IN THE animated short "Snowie and the Seven Dorps," an oddly familiar character called Queenie stares at her reflection and says: "Mirror, mirror on the wall, who's the most self-aware, self-actualized, together person of them all?"

"Snowie," which also features seven West Coast agents called Sorry, Creepy, Geeky, Later, Wimpy, Sleazy and I'll Call Ya, is just one of the amusing ingredients in "The Third Animation Celebration."

Humor, in fact, is the predominant attraction in this collection of 19 animated shorts from France, Italy, Canada, the Soviet Union, Hungary, Czechoslovakia, but mostly the United States.

In "This Is Not Frank's Planet," for instance, a space rocket zips around an alien world while unseen passengers Spigott and Rudy converse in amusing Dudespeak: "Nice play, Shakespeare!" groans one of them when the driver makes a wrong move. "Mr.-Stupid-Idiot-Albert-Schweitzer," he calls him later.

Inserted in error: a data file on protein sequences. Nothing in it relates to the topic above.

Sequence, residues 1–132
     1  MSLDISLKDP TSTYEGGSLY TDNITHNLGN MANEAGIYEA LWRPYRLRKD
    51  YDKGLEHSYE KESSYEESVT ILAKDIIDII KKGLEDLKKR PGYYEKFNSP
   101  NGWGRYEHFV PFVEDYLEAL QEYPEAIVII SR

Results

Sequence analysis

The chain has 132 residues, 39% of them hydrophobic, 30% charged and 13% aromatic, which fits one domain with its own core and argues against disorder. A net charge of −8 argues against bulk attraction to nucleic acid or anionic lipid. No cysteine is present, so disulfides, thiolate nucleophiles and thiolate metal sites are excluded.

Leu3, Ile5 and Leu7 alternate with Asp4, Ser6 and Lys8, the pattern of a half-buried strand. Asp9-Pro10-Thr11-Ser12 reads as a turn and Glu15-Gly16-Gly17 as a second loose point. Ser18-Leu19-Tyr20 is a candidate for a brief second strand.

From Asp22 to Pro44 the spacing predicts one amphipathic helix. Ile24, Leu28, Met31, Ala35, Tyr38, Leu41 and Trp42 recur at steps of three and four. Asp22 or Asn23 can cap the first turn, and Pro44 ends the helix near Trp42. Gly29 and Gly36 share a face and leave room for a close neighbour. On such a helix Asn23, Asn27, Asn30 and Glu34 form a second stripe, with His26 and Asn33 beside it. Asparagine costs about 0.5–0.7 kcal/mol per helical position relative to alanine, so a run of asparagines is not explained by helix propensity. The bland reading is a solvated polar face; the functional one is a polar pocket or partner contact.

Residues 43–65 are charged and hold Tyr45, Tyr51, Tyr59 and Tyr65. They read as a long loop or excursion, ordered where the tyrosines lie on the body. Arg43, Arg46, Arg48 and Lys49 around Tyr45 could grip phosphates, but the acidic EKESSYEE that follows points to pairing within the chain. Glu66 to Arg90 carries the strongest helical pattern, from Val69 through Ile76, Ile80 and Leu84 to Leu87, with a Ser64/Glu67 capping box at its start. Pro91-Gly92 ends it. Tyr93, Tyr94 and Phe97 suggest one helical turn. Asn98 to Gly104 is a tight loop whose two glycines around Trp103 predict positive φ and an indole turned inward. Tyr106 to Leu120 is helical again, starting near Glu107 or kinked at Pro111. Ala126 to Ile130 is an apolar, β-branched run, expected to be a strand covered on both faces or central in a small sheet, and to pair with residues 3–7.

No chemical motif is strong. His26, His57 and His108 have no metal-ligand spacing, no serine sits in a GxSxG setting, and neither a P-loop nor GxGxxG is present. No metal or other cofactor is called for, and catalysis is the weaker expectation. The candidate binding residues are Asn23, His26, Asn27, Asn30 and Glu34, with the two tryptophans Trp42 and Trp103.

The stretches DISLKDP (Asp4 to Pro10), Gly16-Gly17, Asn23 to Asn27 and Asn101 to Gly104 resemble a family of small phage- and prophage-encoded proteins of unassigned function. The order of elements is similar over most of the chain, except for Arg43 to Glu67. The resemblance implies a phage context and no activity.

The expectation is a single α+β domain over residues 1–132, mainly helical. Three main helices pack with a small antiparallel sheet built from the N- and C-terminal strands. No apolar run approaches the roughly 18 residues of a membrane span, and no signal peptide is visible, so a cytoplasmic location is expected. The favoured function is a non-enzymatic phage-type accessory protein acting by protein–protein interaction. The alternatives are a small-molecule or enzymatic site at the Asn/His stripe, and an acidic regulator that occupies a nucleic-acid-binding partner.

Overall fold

In "War Story," a vivid, clay-animated film from England taken from a real-life interview, a British factory worker rambles amusingly on and on about the London bombing raids. In "Personality Software," set in the not-too-distant present, the hapless and lovelorn insert computer diskettes into their heads to transform their vapid personalities into supercharged (not to mention self-actualized) beings.

Perhaps the wittiest offering is a recurring series of shorts featuring an American doctor by the unlikely Xhosa name of Dr. Janice N!gotu, who goes through her postfeminist, modern and, yes, self-actualized paces -- including a disastrous blind date with a bullnecked bore called Bill Wallhead.

The standout piece of "Celebration," however, is master image-maker Jan Svankmeier's "Darkness, Light, Darkness," a brilliant piece in which blobs of clay build themselves into a human body (inserting a pink, slushy brain and tongue in the process). His sense of animation, as always, has a way of rising above the crowd.